DES MOINES, Iowa — Former Pennsylvania Sen. Rick Santorum staged an unexpected comeback in last night’s Iowa caucuses as the state party chairman announced that former Massachusetts Gov. Mitt Romney beat Santorum by the narrowest margin in the history of the caucuses — winning by only eight votes.

Iowa Republican Party Chairman Matt Strawn announced Romney as the winner early this morning, with Romney earning 30,015 votes and Santorum receiving 30,007 of the more than 122,000 ballots cast.

Romney’s narrow win, coming in a contest traditionally thought to be a thermometer for the early phases of the presidential election, could offer clues as to which candidate will emerge to take on President Barack Obama in the fall.

Santorum, at one time a back-burner candidate, could now emerge as the top challenger to Romney, who has long been considered the frontrunner for the Republican nomination.

“Game on,” Santorum said in a speech to his supporters in Johnston, Iowa earlier in the evening before the final results were announced.

Romney said he was pleased with the night’s close results as the campaign now moves to New Hampshire, which holds its primary on Tuesday.

‘‘We also feel it’s been a great victory for us,’’ Romney told supporters at the Hotel Fort Des Moines. In his speech, Romney turned his attacks toward Obama, calling his work “a failed presidency.”

“The president may be a nice guy, but he’s just over his head,” Romney said, stressing his experience in the private sector as evidence that he can help revitalize the economy.

Santorum’s strong performance last night might also establish him as a viable alternative to Romney, according to LSA junior Brian Koziara, external vice chair of the University’s chapter of the College Republicans. He said both candidates’ success, though, reflected the focus of voters on both the economy and social issues.

“The fact that Romney and Santorum are the two top vote-getters and they’re so closely tied shows that in addition to being very concerned about the social issues, like Rick Santorum is, Iowa is equally concerned about the economic issues (like Romney is.),” he said.

Rep. Ron Paul (R–Texas) finished third with 21.5 percent of the vote. Former Speaker of the House Newt Gingrich (R–Georgia) finished fourth, with 13 percent, and Texas Gov. Rick Perry finished fifth with 10 percent of the vote. Rep. Michele Bachmann (R–Minn.) finished sixth with 5 percent of the vote.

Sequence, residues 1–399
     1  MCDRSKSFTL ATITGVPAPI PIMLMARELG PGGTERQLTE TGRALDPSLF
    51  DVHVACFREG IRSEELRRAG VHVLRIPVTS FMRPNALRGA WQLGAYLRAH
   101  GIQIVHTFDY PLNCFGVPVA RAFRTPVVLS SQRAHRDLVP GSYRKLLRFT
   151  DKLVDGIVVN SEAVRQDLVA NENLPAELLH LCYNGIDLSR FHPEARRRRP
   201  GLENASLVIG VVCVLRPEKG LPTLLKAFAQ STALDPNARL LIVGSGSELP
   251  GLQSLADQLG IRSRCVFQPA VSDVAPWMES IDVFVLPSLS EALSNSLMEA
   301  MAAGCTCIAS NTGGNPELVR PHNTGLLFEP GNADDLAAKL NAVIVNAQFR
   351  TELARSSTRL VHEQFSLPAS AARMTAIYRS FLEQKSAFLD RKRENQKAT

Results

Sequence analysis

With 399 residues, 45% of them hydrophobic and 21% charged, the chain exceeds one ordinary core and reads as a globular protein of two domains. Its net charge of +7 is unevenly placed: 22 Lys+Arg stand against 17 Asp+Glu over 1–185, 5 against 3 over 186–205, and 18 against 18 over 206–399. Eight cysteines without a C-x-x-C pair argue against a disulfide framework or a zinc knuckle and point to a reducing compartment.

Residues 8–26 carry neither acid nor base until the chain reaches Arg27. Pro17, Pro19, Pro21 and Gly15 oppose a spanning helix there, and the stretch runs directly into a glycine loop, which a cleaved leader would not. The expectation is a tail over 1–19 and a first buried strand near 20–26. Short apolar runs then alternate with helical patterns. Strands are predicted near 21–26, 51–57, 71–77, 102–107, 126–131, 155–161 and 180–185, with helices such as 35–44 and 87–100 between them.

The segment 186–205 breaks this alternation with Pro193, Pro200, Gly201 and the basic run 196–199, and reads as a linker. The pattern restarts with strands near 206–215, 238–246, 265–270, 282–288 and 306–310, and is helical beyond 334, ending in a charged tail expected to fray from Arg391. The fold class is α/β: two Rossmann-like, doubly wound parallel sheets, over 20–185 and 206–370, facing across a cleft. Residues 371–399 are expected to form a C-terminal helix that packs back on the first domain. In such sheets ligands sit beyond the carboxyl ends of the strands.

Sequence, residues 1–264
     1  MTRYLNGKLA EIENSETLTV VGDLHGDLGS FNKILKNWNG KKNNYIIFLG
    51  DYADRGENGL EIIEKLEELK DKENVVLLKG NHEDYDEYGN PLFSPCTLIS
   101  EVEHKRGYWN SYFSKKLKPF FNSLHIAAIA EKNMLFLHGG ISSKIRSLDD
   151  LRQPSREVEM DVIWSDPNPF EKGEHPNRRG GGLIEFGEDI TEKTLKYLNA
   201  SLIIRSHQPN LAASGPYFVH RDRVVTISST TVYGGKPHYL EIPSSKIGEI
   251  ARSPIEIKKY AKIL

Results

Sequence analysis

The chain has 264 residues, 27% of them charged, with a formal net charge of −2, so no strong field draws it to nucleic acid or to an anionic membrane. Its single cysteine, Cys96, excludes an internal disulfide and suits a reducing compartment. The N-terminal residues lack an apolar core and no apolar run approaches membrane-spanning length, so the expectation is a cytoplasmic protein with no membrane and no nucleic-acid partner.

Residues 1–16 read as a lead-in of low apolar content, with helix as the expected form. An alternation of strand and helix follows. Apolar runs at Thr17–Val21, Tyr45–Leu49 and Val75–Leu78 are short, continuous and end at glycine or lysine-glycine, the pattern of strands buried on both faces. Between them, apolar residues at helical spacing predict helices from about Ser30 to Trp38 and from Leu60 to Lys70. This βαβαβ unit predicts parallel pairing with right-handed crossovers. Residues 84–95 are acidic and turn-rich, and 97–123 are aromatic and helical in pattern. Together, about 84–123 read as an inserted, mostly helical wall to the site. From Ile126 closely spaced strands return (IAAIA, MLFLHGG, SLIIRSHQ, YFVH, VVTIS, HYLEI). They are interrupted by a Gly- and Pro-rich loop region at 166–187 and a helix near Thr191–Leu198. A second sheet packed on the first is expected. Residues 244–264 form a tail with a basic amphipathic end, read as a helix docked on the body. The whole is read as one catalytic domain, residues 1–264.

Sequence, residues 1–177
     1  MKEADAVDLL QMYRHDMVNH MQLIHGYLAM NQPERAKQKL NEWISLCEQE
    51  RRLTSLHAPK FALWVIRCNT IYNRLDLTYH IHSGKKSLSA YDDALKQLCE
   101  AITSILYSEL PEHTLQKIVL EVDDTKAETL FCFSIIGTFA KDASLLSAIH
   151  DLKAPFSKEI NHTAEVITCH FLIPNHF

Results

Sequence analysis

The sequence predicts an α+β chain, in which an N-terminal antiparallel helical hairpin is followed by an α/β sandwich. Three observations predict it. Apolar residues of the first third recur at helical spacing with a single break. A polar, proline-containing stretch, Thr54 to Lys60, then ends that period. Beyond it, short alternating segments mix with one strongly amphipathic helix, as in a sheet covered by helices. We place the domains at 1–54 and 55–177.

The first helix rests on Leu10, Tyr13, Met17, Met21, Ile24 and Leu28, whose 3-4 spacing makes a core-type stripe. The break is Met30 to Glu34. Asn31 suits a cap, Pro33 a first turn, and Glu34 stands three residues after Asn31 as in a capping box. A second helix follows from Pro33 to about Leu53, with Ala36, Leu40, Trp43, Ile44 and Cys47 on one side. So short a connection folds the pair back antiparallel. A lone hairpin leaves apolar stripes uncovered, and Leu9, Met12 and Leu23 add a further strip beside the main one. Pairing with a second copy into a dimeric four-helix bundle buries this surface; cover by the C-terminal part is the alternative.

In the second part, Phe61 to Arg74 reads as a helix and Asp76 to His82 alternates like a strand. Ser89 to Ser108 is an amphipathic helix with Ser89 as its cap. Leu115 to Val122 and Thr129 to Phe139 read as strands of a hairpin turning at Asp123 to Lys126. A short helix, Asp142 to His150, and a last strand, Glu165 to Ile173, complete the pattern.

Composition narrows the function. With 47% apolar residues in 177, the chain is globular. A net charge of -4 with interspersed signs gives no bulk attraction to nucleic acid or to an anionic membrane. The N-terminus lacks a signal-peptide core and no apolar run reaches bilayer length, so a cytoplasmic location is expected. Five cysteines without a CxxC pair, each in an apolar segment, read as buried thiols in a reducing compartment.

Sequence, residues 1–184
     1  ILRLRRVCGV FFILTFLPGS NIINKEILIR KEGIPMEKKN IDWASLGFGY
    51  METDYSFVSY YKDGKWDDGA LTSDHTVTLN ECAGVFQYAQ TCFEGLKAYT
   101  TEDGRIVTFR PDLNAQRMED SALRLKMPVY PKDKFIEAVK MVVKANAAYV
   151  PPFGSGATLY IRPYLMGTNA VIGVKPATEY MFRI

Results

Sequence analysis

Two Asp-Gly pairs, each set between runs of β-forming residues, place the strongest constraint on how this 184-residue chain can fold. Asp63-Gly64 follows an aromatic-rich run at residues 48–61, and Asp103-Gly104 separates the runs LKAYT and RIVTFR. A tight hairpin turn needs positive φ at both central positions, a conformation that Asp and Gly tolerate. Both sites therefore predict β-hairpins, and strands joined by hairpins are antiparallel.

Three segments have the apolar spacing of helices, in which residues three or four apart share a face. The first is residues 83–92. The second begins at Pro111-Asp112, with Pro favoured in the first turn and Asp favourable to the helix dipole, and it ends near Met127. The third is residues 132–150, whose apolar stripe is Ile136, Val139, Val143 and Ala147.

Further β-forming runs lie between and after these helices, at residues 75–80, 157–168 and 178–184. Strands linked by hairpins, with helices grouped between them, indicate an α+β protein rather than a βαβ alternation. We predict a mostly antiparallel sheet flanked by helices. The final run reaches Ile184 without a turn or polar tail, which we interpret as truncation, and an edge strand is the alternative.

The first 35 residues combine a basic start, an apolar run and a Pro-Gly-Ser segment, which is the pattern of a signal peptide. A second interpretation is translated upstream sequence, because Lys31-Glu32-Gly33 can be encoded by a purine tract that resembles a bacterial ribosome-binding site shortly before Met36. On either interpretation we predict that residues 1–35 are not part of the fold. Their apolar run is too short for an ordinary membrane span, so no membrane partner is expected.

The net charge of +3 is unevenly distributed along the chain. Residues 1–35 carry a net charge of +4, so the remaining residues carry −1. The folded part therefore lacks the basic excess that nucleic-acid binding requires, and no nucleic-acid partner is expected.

Paul, Gingrich and Bachmann vowed to continue their campaigns in New Hampshire, but Perry said he would return to Texas to reconsider his options.

Koziara predicted that Gingrich would continue to slide, particularly as Santorum emerges as the “anti-Romney.” Despite the third-place finish, Koziara said the results showed Paul would not be a major contender, adding the caucuses also confirmed Romney’s status as a frontrunner.

Political Science Prof. Vincent Hutchings said this year’s caucuses were unique because voters in Iowa seemed to focus on the differences between the candidates themselves, rather than their specific policies.

“Part of the reason that we have the Iowa caucus is that it’s a sufficiently small state that people can get to ‘know’ their candidates and be familiar with their positions and make a considered judgment about which one is the preferable nominee,” Hutchings said. “But I don’t really think that’s what’s happening … if one would consider policy to be a priority in making these judgments.”

Political Science Prof. Ken Kollman said a close result like last night’s finish between Romney and Santorum muddles the nomination process heading into the New Hampshire primary.

“We could be in for a long season here,” Kollman said.

Hutchings agreed that a caucus victory alone will not likely determine the election chances.

“I don’t think the other states are thinking, ‘Oh, let’s see, Iowa made this decision. We respect the decision of Iowa, so I guess we’ll make a comparable decision,’” Hutchings said.

Koziara said a strong showing in Iowa would boost Romney’s chances in Michigan. Though Koziara said Romney will likely win the Michigan primary since his father, George Romney, was governor in the 1960s, finishing well in Iowa would aid Romney’s fundraising efforts.

“I think he’s going to win the Michigan primary regardless,” Koziara said. “What I think it does do, though, is give him the boost in Michigan when it comes to fundraising. And that’s really what the early winning is about.”

LSA senior Amanda Caldwell, chair of the University’s chapter of the College Democrats, said she was encouraged by the caucus polls because they showed a lack of unity within the Republican Party.

Caldwell said she was not concerned about Obama’s potential Republican challengers because the Republican Party has become too conservative to appeal to moderate voters.

“The fact that the Republican party has moved so far to the right as the primary campaigns continue on, I think that’s going to be really difficult for them to overcome in the general elections,” she said.

— Daily News Editors Adam Rubenfire and Rayza Goldsmith reported from Des Moines and Daily Staff Reporter Andrew Schulman reported from Ann Arbor. The Associated Press also contributed to this report.

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